Did the teen who egged Fraser Anning commit an act of political violence?
18th March 2019
With the crack of an egg he became an internet sensation, earning global plaudits for humiliating far-right senator Fraser Anning after the Queensland MP issued a widely denounced statement linking the Christchurch terror attack to immigration.
Since images of the incident were beamed around the world, social media admirers of the Melbourne teenager have offered him a Ferrari and a 5-star holiday in Turkey.
Some have discussed nominating him for Australian of the Year, while an online fundraising page has collected more than $47,000 for the teen’s legal fees (and to buy “more eggs”), and hiphop outfit the Hilltop Hoods promised the 17-year-old free entry to their shows for life.
The webpage now states that all the money raised will be going to the victims of the New Zealand attack.
But should we be wary of making a hero of #eggboy?
Many have condemned Senator Anning for striking the teen twice in retaliation, and his supporters for tackling him to the ground and restraining him in a chokehold.
But did the teenager’s headline-grabbing stunt also constitute an act of political violence?
Victoria Police have said they are investigating the incident “in its entirety”, including the actions of the boy, Senator Anning and bystanders.
Tim Dean, a philosopher at the University of Sydney, said we should be cautious about condoning any form of political violence, no matter how minor.
He said celebrating the teenager’s actions, which he described as “a very mild form of violence”, sent a message that it was “appropriate to express a political opinion through attacking someone”.
Dr Dean said while Senator Anning’s comments ought to be reviled, violence should only be used in defence or in extreme cases when there are no alternatives.
On Twitter, journalist Richard Cooke argued egging was a non-violent political activity which was designed to humiliate rather than wound.
Egging certainly has a long history as a tool of political protest.
The furore that followed then-prime minister Billy Hughes having his hat knocked off by an egg as he campaigned for conscription in the Queensland town of Warwick in 1917 is viewed as being a catalyst for the creation of the Commonwealth Police Force, a precursor to the Australian Federal Police.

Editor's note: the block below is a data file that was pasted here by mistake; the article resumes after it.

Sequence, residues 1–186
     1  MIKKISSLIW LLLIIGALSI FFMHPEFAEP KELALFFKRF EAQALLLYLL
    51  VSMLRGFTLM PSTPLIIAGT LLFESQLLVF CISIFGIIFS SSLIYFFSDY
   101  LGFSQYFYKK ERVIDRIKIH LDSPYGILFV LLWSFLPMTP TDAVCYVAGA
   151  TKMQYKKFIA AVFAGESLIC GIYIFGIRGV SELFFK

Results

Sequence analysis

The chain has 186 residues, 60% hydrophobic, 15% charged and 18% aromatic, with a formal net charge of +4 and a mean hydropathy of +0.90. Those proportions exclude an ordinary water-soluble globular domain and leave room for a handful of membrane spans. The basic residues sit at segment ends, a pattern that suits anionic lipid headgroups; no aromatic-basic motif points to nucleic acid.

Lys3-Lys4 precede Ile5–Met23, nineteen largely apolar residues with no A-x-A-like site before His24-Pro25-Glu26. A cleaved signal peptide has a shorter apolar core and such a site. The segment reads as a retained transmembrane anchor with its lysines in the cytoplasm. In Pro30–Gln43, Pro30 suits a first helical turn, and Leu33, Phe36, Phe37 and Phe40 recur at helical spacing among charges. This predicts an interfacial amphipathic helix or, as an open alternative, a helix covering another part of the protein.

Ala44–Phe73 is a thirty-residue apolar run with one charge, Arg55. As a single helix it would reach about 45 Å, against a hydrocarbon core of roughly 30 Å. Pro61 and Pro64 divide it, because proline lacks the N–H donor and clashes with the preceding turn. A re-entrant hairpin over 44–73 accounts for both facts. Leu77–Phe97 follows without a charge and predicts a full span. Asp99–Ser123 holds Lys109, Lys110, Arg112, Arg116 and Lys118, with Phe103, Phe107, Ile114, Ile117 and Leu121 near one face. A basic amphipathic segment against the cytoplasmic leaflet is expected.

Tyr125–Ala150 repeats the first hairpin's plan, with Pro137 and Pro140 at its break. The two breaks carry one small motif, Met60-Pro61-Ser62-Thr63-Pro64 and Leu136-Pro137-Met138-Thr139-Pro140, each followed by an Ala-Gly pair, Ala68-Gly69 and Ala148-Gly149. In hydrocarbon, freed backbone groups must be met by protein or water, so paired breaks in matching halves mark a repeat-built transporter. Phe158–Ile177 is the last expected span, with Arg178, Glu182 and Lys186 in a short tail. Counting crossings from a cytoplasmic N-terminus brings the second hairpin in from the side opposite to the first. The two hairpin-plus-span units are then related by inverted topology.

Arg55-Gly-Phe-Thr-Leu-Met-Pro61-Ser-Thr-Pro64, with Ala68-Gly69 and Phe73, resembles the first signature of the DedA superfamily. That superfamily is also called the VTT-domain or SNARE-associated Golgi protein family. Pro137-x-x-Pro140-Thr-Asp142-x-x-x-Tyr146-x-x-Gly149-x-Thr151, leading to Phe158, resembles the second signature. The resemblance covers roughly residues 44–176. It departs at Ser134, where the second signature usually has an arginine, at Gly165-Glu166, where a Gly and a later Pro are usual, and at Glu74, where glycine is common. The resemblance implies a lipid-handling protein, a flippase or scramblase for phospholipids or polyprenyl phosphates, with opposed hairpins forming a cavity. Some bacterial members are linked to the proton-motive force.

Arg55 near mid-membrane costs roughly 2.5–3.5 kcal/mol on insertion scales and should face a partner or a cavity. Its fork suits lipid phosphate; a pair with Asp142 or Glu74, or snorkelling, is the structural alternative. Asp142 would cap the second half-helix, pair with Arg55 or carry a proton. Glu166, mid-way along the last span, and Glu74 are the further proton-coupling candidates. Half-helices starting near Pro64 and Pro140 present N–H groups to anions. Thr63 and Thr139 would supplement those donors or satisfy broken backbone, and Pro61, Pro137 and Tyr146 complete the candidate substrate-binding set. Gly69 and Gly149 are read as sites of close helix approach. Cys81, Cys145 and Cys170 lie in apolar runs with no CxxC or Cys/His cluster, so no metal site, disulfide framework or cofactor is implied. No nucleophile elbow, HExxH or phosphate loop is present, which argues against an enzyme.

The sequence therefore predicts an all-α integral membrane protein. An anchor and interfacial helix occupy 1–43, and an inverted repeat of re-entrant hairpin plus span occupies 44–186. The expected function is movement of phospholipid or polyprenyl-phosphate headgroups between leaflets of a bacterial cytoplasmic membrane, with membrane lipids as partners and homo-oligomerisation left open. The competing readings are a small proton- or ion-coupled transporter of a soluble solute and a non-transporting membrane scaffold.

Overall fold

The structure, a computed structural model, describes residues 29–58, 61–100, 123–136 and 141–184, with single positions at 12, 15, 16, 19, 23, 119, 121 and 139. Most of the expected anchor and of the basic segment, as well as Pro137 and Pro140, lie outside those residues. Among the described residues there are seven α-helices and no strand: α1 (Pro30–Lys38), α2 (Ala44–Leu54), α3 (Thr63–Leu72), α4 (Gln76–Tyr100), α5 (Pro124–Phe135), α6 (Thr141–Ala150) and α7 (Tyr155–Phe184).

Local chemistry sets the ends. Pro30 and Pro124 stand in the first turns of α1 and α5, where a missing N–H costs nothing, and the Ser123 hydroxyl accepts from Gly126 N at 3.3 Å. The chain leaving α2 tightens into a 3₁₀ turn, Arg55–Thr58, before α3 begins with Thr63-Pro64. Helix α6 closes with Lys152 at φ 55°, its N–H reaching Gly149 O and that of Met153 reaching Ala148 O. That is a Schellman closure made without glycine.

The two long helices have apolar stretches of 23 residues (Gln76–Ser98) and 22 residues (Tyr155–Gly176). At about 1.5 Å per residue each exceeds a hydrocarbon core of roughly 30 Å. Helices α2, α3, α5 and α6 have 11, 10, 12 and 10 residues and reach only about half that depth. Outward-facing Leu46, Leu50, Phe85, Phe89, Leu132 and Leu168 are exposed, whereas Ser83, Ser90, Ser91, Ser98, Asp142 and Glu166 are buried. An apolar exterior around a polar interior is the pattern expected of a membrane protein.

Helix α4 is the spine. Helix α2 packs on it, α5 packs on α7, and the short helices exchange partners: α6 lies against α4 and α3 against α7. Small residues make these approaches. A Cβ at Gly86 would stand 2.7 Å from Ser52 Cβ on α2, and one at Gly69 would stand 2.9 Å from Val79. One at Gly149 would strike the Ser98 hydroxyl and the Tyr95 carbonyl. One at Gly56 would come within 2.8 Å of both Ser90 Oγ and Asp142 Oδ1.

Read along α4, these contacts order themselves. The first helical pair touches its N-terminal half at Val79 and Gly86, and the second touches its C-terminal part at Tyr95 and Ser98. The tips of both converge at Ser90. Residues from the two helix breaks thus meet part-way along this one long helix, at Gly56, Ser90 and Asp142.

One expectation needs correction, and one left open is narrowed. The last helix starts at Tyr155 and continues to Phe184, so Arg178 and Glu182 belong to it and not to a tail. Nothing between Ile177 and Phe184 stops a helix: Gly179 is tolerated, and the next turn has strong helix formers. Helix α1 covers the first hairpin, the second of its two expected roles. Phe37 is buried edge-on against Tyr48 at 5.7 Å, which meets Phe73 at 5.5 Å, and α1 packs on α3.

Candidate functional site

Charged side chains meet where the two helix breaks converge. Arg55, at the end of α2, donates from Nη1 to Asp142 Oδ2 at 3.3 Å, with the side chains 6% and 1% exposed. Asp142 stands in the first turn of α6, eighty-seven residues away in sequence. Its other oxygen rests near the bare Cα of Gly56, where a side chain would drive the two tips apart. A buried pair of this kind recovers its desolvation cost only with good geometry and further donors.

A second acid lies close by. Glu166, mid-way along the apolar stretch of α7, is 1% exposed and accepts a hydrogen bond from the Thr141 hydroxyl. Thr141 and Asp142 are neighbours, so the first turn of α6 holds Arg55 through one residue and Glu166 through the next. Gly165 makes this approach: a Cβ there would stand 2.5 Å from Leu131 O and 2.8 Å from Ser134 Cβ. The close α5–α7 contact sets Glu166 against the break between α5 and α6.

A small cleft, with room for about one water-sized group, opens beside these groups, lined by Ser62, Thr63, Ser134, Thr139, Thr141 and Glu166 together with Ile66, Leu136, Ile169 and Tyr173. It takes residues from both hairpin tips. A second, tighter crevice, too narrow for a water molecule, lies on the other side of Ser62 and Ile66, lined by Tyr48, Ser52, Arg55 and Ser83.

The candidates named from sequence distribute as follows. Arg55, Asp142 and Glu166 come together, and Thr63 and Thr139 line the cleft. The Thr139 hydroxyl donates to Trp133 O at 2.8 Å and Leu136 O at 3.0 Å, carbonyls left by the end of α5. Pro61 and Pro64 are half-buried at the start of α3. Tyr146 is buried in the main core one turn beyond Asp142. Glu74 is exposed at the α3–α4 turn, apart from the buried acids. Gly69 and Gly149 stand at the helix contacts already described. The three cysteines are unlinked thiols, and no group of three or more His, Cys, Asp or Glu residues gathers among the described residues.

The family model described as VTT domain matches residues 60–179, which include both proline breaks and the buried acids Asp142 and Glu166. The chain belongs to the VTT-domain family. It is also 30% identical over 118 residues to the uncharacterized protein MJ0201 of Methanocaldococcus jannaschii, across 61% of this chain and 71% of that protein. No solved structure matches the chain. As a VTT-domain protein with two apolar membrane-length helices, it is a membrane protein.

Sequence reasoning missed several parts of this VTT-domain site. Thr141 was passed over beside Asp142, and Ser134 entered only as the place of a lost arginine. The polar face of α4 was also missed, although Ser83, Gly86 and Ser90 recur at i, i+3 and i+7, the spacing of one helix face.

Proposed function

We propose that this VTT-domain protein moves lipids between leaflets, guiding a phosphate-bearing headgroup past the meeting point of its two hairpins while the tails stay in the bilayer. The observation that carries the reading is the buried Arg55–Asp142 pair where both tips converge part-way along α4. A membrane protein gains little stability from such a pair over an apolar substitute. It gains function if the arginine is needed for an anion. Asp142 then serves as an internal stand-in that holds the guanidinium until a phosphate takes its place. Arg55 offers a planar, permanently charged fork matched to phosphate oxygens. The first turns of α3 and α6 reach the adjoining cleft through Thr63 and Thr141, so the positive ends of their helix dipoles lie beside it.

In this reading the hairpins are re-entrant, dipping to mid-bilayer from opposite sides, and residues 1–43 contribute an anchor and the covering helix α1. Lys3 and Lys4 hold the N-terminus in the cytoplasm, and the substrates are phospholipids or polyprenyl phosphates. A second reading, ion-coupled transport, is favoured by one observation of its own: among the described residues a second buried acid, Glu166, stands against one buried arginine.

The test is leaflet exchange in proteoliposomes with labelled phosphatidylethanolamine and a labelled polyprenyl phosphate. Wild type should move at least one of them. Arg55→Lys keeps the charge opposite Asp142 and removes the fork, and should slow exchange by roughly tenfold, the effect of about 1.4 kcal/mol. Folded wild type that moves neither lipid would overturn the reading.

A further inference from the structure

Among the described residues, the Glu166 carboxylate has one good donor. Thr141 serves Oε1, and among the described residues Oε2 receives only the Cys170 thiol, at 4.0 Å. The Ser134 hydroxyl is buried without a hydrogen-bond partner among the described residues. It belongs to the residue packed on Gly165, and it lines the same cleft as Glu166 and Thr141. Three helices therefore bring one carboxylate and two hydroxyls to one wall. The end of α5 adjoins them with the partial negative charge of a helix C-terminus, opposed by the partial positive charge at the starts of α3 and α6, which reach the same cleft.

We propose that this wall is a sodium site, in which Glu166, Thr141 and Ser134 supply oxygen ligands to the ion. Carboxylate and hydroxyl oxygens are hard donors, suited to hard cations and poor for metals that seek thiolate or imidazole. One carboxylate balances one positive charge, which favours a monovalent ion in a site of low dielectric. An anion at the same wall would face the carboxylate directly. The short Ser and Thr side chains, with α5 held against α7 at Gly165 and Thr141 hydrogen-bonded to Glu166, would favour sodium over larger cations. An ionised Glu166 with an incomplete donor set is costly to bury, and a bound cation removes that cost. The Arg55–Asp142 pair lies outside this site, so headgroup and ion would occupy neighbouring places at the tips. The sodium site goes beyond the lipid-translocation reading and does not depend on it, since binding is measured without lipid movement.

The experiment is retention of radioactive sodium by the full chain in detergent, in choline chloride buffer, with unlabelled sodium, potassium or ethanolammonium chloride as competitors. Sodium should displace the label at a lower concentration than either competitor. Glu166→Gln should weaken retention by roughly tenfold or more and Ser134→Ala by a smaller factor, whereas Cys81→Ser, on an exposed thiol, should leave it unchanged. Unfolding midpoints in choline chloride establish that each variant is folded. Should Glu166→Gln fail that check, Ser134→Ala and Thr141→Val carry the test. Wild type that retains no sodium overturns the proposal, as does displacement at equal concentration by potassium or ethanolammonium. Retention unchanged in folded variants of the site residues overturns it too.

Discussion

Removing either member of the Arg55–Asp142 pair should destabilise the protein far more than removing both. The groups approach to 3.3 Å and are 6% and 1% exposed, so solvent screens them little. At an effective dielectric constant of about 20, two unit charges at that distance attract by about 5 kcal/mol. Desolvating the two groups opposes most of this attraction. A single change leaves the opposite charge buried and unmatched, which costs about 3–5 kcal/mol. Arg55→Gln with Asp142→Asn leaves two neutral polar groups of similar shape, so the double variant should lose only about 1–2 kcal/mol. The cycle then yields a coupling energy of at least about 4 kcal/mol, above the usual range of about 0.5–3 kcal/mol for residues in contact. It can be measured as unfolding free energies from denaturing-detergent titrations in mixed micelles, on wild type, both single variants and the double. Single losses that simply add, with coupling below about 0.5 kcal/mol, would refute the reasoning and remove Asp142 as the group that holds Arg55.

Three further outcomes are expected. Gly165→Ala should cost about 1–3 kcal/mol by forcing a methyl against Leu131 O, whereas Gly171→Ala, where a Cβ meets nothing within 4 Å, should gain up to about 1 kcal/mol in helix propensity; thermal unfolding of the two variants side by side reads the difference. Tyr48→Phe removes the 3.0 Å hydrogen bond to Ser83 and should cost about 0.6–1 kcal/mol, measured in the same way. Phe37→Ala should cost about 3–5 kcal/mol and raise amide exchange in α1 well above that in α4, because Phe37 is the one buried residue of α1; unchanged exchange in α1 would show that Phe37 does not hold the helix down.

Playing down the incident following a complaint from Hughes about a police officer’s refusal to arrest the egg-throwers, the Commissioner of Queensland Police said “the hurling of missiles at public speakers is, of course, illegal, and most deplorable, but it is a very prevalent practice, and seems to be more or less accepted as one of the semi-humorous concomitants of public oratory”.
Former British prime minister David Cameron, right-wing British firebrand Nigel Farage, and former California governor Arnold Schwarzenegger are among a number of political leaders to have been egged in recent times. (Arnie’s response: “This guy owes me bacon now”.)
In 2011, Afghan demonstrators pelted eggs at the Iranian consulate in the western city of Herat to protest a border blockade of fuel tankers which caused prices to spike.
In 2013, French farmers smashed hundreds of thousands of eggs on main roads near supermarkets to show their disapproval of low prices set by the European Union.
Dr Dean said while throwing eggs was a time-honoured political tradition, it rarely served a constructive purpose, instead reinforcing ideas of division and opposition that stood in the way of effecting change through persuasion.
John Uhr, a professor of political science at the Australian National University, said the teenager had been “dumb” to smash the egg directly on to Senator Anning’s head, rather than throwing it from a distance, which would have seemed less violent.
“That’s hitting the senator, literally,” Professor Uhr said.
“It does have a more forceful, shocking effect — it’s not just innocent political speech, it’s a kind of confrontation with another political actor.
“He’s likely to be provoked and more angry than he would have been if this thing had come from somewhere that he couldn’t identify.”
Professor Uhr said such scenes were likely to be repeated as Senator Anning — who attracted only 19 first-preference votes at the 2016 election — seeks to keep himself in the headlines in the lead up to the election.
He said the adulation for the teenager was explained by the senator’s “notorious” reputation.
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“If the kid had dropped an egg on you or me, I don’t think he’d be getting those offers of great help.”
For his part, Senator Anning did not take a backward step when asked about his conduct at a press conference in Brisbane today.
“He got a slap across the face, which is what his mother should have given him long ago, because he’s been misbehaving badly,” Senator Anning said.
“When someone cracks you on the back of the head you react and defend yourself.
“That for years is what Australians have been doing. Luckily they did that in the trenches and otherwise we’d all be speaking German now.”